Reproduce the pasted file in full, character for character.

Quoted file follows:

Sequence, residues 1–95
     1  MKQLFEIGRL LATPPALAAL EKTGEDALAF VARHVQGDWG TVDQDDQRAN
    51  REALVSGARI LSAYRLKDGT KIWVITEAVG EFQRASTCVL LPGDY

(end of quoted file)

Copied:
Sequence, residues 1–95
     1  MKQLFEIGRL LATPPALAAL EKTGEDALAF VARHVQGDWG TVDQDDQRAN
    51  REALVSGARI LSAYRLKDGT KIWVITEAVG EFQRASTCVL LPGDY